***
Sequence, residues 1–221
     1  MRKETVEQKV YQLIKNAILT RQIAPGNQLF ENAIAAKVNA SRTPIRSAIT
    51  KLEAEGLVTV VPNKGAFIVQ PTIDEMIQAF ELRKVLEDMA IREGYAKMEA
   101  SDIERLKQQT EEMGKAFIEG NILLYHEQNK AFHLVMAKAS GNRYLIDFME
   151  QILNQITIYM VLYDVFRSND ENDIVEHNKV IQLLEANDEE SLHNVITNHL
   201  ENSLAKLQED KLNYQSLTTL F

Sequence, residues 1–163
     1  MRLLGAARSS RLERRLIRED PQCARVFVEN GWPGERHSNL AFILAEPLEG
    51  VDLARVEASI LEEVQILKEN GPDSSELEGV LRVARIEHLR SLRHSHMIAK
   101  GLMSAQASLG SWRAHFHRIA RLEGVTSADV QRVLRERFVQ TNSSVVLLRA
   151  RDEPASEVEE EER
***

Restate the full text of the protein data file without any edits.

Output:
Sequence, residues 1–221
     1  MRKETVEQKV YQLIKNAILT RQIAPGNQLF ENAIAAKVNA SRTPIRSAIT
    51  KLEAEGLVTV VPNKGAFIVQ PTIDEMIQAF ELRKVLEDMA IREGYAKMEA
   101  SDIERLKQQT EEMGKAFIEG NILLYHEQNK AFHLVMAKAS GNRYLIDFME
   151  QILNQITIYM VLYDVFRSND ENDIVEHNKV IQLLEANDEE SLHNVITNHL
   201  ENSLAKLQED KLNYQSLTTL F

Sequence, residues 1–163
     1  MRLLGAARSS RLERRLIRED PQCARVFVEN GWPGERHSNL AFILAEPLEG
    51  VDLARVEASI LEEVQILKEN GPDSSELEGV LRVARIEHLR SLRHSHMIAK
   101  GLMSAQASLG SWRAHFHRIA RLEGVTSADV QRVLRERFVQ TNSSVVLLRA
   151  RDEPASEVEE EER